This announcement is taking place beyond the parliamentary session and taking the form of an untendered contract. Peter MacKay's spokesthingy's latest spin, however, would have you believe this was a competitive process. But that's not the case:
In May, MacKay announced in the Commons that Canada would buy the Joint Strike Fighter. He later backtracked, stating that a competition for a new aircraft would be held. That position, however, was also undercut a day later by the Defence Department, which stated that no decision on whether a competition would be held had yet been made.This is a sole-sourced contract, despite Conservative confusion and present spin. The calls to have the Conservatives appear before a parliamentary committee to explain this unchecked expenditure are completely appropriate. $16 billion deserves a review.
The New York Times report today also makes a few points that raise some pretty simple questions for us on these jets:
Canada’s air force rarely flies combat missions, arguably making some of the F-35’s advanced features, like radar-evading stealth, seem like frills.That first point is kind of important and getting lost here. It underscores the need to review this purchase, to say the least. So does the second one about the one engine jet model. So our politicians shouldn't be afraid to take on the conventional wisdom machismo the Conservatives are roiling up here and ask hard questions. The onus is on the government to justify this historic, luxurious purchase.
Unlike the twin-engine CF-18, the F-35 has only one engine. Its failure could leave pilots exposed to the harsh Arctic environment as they await rescue. (emphasis added)
The Times article also suggests that we (along with other allies) may be becoming entwined with an American military project with significant cost overruns. Lockheed Martin is under pressure to reduce the production costs of the jet by the Pentagon. This Conservative announcement today is seen as a boon to the programme. So what is going on? Is this a decision best for Canada's military (and other) needs or is it best for the Pentagon, Lockheed Martin and the U.S.?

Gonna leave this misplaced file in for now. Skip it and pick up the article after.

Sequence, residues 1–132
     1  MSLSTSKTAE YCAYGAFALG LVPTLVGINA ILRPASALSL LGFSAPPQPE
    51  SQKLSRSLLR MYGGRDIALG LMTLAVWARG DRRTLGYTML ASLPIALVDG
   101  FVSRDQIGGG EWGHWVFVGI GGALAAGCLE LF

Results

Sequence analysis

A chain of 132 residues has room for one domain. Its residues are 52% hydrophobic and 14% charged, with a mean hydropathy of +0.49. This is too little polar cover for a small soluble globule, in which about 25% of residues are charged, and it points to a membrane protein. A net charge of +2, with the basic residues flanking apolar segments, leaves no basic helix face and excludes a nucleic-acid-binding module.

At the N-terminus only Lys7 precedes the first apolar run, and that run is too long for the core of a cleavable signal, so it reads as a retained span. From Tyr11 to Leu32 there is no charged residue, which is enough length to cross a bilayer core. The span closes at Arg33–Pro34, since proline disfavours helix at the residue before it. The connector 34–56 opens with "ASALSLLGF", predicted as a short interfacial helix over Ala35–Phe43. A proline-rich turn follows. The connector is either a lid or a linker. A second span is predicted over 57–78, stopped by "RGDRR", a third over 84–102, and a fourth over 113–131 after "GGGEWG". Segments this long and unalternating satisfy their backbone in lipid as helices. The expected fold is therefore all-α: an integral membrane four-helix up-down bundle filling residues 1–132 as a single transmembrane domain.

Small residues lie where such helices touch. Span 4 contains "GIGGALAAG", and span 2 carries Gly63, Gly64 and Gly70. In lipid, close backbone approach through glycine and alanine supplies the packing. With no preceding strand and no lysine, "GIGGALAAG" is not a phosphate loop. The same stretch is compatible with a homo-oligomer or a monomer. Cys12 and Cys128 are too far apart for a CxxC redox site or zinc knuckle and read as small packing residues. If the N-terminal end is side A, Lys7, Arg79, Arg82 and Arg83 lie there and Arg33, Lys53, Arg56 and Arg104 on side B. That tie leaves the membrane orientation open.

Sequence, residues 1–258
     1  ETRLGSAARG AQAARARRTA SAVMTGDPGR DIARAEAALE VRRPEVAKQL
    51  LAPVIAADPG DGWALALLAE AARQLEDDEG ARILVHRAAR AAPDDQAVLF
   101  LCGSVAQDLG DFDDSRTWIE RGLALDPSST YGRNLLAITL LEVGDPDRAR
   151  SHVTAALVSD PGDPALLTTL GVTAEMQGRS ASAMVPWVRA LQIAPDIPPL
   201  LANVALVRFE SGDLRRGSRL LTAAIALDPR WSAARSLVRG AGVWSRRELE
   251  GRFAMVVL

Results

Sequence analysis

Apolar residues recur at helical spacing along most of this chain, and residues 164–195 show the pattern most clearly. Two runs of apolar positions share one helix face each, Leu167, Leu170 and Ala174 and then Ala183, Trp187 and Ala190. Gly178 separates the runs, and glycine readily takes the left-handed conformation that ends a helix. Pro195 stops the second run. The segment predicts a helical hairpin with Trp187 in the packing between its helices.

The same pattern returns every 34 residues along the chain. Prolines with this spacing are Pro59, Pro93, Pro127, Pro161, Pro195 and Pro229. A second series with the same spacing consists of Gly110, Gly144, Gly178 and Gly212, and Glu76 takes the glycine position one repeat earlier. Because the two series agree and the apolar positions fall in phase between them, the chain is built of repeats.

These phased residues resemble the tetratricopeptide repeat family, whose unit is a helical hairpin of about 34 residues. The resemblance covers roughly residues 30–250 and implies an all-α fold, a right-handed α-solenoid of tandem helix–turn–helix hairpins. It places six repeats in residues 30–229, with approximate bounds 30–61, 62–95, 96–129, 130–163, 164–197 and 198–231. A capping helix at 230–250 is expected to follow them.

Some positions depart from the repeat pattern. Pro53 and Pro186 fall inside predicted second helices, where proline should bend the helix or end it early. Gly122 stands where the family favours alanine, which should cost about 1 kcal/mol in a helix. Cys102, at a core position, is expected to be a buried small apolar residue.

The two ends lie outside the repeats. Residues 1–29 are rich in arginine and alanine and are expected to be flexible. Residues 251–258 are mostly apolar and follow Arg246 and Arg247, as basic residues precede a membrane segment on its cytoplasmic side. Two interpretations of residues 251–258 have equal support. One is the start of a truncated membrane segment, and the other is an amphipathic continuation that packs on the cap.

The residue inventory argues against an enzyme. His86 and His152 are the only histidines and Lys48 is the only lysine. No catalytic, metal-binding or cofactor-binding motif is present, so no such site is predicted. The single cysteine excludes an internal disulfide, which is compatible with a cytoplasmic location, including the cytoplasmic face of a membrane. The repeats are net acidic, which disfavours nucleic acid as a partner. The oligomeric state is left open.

We might also hear the Conservatives playing up the point that a Liberal government got Canada into this fighter jet programme initially, so they can inoculate themselves, but...
The F-35s are the product of the Joint Strike Fighter program launched in the 1990s by the United States and eight other nations, including Canada; the Liberal government of the day signed on to the development program, but didn’t commit to buying the planes.There are lots of questions about the process and the substance here, it's perfectly reasonable for Liberals to say they'd take a hard look at this contract if they form the next government and in the meantime demand explanations be made to Parliament. It would be negligent not to push the government on this $16 billion commitment when the Conservatives are simultaneously musing about cuts to the Veterans Affairs department and looking to slash other parts of government. Conservatives can't have it both ways.
And just remember, as you watch the big "reveal" in that hangar in Ottawa today ("The unveiling will also include a mockup of the F-35 Lightning II"), "Canada’s air force rarely flies combat missions."
Update: See Jeffrey Simpson with big questions on this purchase today as well.